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For OLS parameter estimates to be consistent it must be the case that E(u|x)=0. Is it true? E(u|x)=0 is a required condition for unbiasedness. But as far as I understand, unbiasedness does not necessarily mean consistency. Therefore I am really confused.

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    $\begingroup$ (1) Is this a homework question? If so, please tag as "self-study." (2) Is u the response variable and x the predictor? If not, please clarify. $\endgroup$ – David Marx Nov 14 '13 at 14:32
  • $\begingroup$ Thanks for the response. 1) This is a question from review set for a midterm exam. 2) "u" is a regression residual, "x" is the predictor. $\endgroup$ – Albert Nov 14 '13 at 14:39
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    $\begingroup$ No, it is not. You can obtain consistency by assuming the weaker $E(x_{ik}u_i) = 0,\; \forall i,k$, i.e. that the regressors are contemporaneously uncorrelated with the error term. $\endgroup$ – Alecos Papadopoulos Nov 14 '13 at 14:50
  • $\begingroup$ @AlecosPapadopoulos - might want to expand that (+1) a little and make it an answer! $\endgroup$ – jbowman Nov 14 '13 at 18:14
  • $\begingroup$ @jbowman Just did. $\endgroup$ – Alecos Papadopoulos Nov 15 '13 at 0:02
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Ok. The model is, in matrix notation and conformable dimensions $$\mathbf y = \mathbf X\beta + \mathbf u $$

The $OLS$ estimator is

$$\hat \beta = (\mathbf X'\mathbf X)^{-1}\mathbf X' \mathbf y = (\mathbf X'\mathbf X)^{-1}\mathbf X' (\mathbf X\beta + \mathbf u) $$

$$= (\mathbf X'\mathbf X)^{-1}\mathbf X' \mathbf X\beta + (\mathbf X'\mathbf X)^{-1}\mathbf X'\mathbf u = \beta + (\mathbf X'\mathbf X)^{-1}\mathbf X'\mathbf u$$

For consistency we examine

$$\operatorname{plim}\hat \beta = \operatorname{plim}\beta + \operatorname{plim}\left[(\mathbf X'\mathbf X)^{-1}\mathbf X'\mathbf u\right] = \beta + \operatorname{plim}\left[\left(\frac 1n\mathbf X'\mathbf X\right)^{-1}\left(\frac 1n\mathbf X'\mathbf u\right)\right] $$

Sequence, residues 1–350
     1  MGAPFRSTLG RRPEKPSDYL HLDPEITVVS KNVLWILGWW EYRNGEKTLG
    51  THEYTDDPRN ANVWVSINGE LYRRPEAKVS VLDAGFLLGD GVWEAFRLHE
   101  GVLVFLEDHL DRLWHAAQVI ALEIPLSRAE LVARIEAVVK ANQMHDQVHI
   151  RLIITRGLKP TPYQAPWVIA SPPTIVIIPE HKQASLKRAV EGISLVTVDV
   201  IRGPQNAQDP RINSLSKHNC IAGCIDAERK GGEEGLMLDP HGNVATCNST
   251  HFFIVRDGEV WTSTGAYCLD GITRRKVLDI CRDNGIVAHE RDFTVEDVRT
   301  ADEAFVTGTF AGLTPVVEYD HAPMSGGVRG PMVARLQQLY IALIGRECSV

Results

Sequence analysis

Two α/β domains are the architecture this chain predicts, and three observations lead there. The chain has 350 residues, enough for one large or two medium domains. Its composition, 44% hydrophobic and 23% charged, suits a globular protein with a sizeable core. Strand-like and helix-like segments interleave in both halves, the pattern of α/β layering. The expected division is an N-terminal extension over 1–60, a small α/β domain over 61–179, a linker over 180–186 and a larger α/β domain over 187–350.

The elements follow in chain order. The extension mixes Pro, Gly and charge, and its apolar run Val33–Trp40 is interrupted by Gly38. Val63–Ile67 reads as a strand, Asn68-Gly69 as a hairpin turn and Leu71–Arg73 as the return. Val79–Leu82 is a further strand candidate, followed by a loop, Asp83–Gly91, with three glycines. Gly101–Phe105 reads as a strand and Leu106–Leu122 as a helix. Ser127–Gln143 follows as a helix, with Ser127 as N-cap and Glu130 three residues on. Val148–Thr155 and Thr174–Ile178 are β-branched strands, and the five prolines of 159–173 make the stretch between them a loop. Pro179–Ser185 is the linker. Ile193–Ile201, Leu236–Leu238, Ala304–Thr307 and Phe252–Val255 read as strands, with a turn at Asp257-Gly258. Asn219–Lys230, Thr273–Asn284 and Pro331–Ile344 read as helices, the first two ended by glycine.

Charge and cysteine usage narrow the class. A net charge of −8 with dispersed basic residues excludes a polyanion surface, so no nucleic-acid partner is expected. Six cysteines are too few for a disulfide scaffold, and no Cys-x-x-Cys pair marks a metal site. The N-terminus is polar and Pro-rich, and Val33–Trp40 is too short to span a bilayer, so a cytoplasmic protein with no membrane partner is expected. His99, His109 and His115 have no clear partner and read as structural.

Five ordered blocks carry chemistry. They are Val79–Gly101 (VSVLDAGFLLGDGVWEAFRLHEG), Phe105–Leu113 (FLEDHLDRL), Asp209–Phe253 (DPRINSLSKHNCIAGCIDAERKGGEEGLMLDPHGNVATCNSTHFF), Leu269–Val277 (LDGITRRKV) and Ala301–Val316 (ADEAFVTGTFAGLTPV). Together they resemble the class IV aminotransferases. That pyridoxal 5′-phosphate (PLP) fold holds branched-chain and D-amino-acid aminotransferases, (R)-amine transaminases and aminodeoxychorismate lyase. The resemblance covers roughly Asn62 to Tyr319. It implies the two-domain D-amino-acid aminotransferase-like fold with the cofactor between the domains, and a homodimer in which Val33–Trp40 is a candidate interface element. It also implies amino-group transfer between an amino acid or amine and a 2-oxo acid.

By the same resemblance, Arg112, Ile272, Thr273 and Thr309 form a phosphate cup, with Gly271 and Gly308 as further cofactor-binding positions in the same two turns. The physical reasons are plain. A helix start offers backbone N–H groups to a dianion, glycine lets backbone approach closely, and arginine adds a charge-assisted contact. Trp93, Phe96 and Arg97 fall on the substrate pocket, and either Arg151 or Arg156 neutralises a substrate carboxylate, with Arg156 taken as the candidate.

And here is the crucial point that makes us need a weaker assumption for consistency compared to unbiasedness: for unbiasedness we would face $E\left[(\mathbf X'\mathbf X)^{-1}\mathbf X'\mathbf u\right]$, and in order to "insert" the expected value into the expression we have to condition on $\mathbf X$, which leads us to the expression $E(\mathbf u\mid \mathbf X)$ and the need to assume it as being equal to zero, i.e. assume "mean-independence" between the error term and the regressors.

But $\operatorname{plim}$ is a more "flexible" operator than $E$: under $\operatorname{plim}$ expressions and products can be decomposed (something that under the expected value requires independence), and also $\operatorname{plim}$ can "go inside the expression" (while $E$ cannot except if it is an affine function), as long as the function is a continuous transformation (and it very rarely isn't) - so

$$\operatorname{plim}\left[\left(\frac 1n\mathbf X'\mathbf X\right)^{-1}\left(\frac 1n\mathbf X'\mathbf u\right)\right] = \operatorname{plim}\left(\frac 1n\mathbf X'\mathbf X\right)^{-1}\operatorname{plim}\left(\frac 1n\mathbf X'\mathbf u\right)$$

For consistency we need to assume that the first $\operatorname{plim}$ is finite -but this is an assumption on the properties of the regressor matrix, unrelated to the error term. So we are left with the second $\operatorname{plim}$ which, written for clarity using sums it is $$\operatorname{plim}\left(\frac 1n\mathbf X'\mathbf u\right) = \left[\begin{matrix} \operatorname{plim}\frac 1n\sum_{i=1}^nx_{1i}u_i \\ .\\ .\\ \operatorname{plim}\frac 1n\sum_{i=1}^nx_{ki}u_i \\ \end{matrix}\right] \rightarrow\left[\begin{matrix} \frac 1n\sum_{i=1}^nE(x_{1i}u_i) \\ .\\ .\\ \frac 1n\sum_{i=1}^nE(x_{ki}u_i) \\ \end{matrix}\right] $$ ...the last transformation due to the usual assumptions that permit the application of the law of large numbers.

Exactly because we have been able to "separate" $(\mathbf X'\mathbf X)^{-1}$ from $\mathbf X'\mathbf u$ (due to the fact that we are examining the $\operatorname{plim}$ and not $E$) we ended up looking only at the contemporaneous relation between each regressor and the error term. And so what we need to assume for consistency of the $OLS$ estimator is only that $E(x_{1i}u_i) =0 \; \forall k, \; \forall i$, (contemporaneous uncorrelatedness) which is much weaker than $E(\mathbf u\mid \mathbf X)$, the latter requiring mean-independence, and moreover, not only contemporaneous independence, but across time too (since we condition the whole error vector on the whole regressor matrix).

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